W3C home > Mailing lists > Public > public-webplatform@w3.org > April 2014

Re: Passwords

From: PhistucK <phistuck@gmail.com>
Date: Sat, 26 Apr 2014 13:05:33 +0300
Message-ID: <CABc02_KxJMBeUnt0-VQPqfvEFJOEy-+mCvGj5NuWT7_q3i7Z9g@mail.gmail.com>
To: Jonathan Garbee <jonathan.garbee@gmail.com>
Cc: WebPlatform Community <public-webplatform@w3.org>
On the subject of HTTPS, I submitted a pull request that changes hRef
values to be protocol agnostic (// instead of http://) for the skin. There
are probably more places that should be converted, but it is a start.
However, without a proper certificate, no one will use the HTTPS version,
which is currently certified for *.ssl.fastly.net and thus generates a
certificate error and a warning interstitial.

We should not only (really) support HTTPS, but also require it. Especially
when logged in.


☆*PhistucK*


On Sat, Apr 26, 2014 at 12:07 PM, Jonathan Garbee <jonathan.garbee@gmail.com
> wrote:

> Yea, people shouldn't consider an email informing them of a more secure
> password storage system being put in place and that they would need to
> update it as spam. It they do then that is pretty stingy. It is a
> completely valid security issue that they should be aware of.
>
> The confusion can be mitigated with doing what Jen mentioned. So an email
> to everyone explaining the upgraded encryption mechanism and the advantages
> the new SSO system provides. In that, state clearly that passwords should
> be reset manually (if we can with a link to the reset with an expire time
> of like a week.)
>
> Another thing is, the SSO login should be done over HTTPS from the start.
> Especially with resets considering we have been HTTP only since launch. If
> this is done (which it really should, some devs haven't signed up for an
> account simply because HTTPS isn't in use) then it would make another good
> point to hit in an announcement email and blog post.
>
> -Garbee
>
>
> On Fri, Apr 25, 2014 at 8:07 PM, Jen Simmons <jen@jensimmons.com> wrote:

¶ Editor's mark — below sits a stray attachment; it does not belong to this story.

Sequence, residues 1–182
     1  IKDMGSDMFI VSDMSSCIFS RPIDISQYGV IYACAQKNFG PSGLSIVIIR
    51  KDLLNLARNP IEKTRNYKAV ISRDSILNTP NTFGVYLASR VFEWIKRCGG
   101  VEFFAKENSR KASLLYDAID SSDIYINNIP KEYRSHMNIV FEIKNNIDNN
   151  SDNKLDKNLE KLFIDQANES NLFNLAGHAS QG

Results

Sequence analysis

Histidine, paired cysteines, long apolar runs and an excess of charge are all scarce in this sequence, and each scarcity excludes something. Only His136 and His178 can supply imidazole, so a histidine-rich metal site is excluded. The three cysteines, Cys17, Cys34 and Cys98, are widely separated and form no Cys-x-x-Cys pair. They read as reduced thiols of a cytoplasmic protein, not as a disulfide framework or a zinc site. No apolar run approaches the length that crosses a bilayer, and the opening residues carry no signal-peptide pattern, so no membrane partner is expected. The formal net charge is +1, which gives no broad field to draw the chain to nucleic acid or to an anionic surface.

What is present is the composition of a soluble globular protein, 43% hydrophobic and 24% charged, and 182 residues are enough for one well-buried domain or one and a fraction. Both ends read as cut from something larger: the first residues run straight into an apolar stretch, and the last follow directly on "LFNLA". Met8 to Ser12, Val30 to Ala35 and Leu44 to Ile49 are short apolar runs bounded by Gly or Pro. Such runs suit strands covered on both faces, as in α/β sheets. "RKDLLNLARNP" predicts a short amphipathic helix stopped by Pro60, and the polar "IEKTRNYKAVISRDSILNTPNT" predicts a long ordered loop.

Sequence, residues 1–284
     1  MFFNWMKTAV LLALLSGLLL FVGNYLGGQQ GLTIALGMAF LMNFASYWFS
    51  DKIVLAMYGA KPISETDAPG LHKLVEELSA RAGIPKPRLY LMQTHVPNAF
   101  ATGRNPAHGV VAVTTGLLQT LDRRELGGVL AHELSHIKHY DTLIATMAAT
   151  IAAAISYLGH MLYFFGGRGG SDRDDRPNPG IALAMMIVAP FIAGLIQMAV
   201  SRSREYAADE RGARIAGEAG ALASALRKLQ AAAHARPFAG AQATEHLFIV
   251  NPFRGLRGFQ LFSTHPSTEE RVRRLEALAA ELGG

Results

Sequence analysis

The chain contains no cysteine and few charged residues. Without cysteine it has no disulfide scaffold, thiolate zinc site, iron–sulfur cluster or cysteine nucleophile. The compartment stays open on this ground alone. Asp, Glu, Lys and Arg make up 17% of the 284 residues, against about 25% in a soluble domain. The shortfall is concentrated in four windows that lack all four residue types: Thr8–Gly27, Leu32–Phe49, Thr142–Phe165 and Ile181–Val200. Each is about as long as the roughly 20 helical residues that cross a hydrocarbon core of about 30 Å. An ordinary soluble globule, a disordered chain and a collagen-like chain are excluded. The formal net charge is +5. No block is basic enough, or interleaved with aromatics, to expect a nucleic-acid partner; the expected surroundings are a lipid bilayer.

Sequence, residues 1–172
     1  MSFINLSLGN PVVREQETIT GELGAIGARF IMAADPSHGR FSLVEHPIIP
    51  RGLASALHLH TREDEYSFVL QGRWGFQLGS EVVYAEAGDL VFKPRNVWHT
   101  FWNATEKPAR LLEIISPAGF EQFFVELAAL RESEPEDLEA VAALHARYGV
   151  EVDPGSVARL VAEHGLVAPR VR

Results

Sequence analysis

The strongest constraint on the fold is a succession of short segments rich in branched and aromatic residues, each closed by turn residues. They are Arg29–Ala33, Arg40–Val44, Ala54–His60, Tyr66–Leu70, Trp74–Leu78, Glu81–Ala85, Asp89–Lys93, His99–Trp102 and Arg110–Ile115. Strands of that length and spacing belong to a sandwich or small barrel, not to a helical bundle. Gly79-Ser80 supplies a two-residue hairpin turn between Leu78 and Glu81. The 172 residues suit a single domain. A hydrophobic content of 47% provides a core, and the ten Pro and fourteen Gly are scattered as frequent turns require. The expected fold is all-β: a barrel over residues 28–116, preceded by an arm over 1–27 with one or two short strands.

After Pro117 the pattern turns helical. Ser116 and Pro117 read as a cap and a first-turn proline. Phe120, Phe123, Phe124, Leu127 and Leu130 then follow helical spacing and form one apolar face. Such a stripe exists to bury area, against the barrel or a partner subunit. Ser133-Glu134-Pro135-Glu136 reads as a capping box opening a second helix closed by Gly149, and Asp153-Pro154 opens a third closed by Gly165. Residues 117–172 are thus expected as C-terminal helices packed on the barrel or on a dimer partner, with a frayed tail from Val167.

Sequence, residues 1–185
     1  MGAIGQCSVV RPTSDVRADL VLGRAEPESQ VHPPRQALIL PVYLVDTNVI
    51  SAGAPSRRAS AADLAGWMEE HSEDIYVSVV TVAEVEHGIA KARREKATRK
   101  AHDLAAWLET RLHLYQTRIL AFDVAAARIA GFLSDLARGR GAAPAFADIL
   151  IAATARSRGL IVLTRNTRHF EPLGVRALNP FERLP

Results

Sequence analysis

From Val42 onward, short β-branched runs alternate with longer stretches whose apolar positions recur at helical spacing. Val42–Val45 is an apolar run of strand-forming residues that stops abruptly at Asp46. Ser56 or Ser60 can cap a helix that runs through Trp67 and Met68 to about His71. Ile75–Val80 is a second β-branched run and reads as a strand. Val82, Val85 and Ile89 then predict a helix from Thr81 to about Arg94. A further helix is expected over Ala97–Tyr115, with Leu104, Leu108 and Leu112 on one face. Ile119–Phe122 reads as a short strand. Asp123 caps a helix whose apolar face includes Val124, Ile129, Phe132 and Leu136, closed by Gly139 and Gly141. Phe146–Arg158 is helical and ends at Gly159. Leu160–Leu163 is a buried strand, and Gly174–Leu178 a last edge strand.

>
>> I think if we simply ask all users to reset their password as part of a
>> big announcement of single-sign-on — that'll be fine. Could actually be
>> very good, since it'll bring to mind for everyone that now they have *one*
>> password for all WPD stuff. Anyone who currently has multiple logins &
>> passwords — which might not match — those people could easily be confused
>> after SSO is deployed if there is no reset required. Heartbleed will make
>> this less painful. Everyone's used to getting password resets for security
>> reasons right now. I think we shouldn't just make it seem like a security
>> thing, however. We should use it as a Big Announcement.
>>
>> The password reset will happen *after* the rollout? Only once? I think
>> that would be ideal.
>>
>> It would be great if we could get metrics on this as it happens. How many
>> users do reset vs how many don't?? If we can.
>>
>> Jen
>>
>> Jen Simmons
>> designer, consultant and speaker
>> host of The Web Ahead
>> jensimmons.com
>> 5by5.tv/webahead
>> twitter: jensimmons <http://twitter.com/jensimmons>
>>
>>
>>
>> On Fri, Apr 25, 2014 at 7:57 PM, Doug Schepers <schepers@w3.org> wrote:
>>
>>> Hi, folks–
>>>
>>> Renoir is in the middle of setting up a new accounts system to enable
>>> Single Sign-On (SSO) across the different applications for WebPlatform
>>> (starting with the wiki and the annotation system, then later the blog and
>>> the issue tracker). This new system should also be somewhat more secure and
>>> easier to manage. We will likely deploy the new system in May.
>>>
>>> One of the decisions we have to make is how to handle the passwords of
>>> existing accounts; the question is whether we attempt to import and manage
>>> the passwords automatically (there are some technical challenges there,
>>> because passwords are stored encrypted), or if we can simply ask users to
>>> reset their passwords.
>>>
>>> Pros:
>>> 1) it's less work for Renoir, giving him more time to solve other
>>> problems
>>> 2) in the wake of the Heartbleed bug, it's good practice for people to
>>> reset their password
>>> 3) it will give us a chance to remind and reconnect people to the
>>> project (by emailing them to ask them to reset their password)
>>> 4) it's a relatively small and easy thing to ask people to do
>>> 5) it gives us the opportunity to weed out some spambots
>>> 6) (anything else??)
>>>
>>> Cons:
>>> 1) it is more inconvenient for our users
>>> 2) some people may be confused by the change
>>> 3) some people might be annoyed by us "spamming" them with an update
>>> request
>>> 4) anything else??
>>>
>>> As you can see, currently I favor asking our users to change their
>>> passwords. I had a hard time coming up with cons, which is why I'm asking
>>> y'all in the community, to make sure I'm not missing anything.
>>>
>>> Thoughts?
>>>
>>> Thanks-
>>> -Doug
>>>
>>>
>>
>
Received on Saturday, 26 April 2014 10:06:41 UTC

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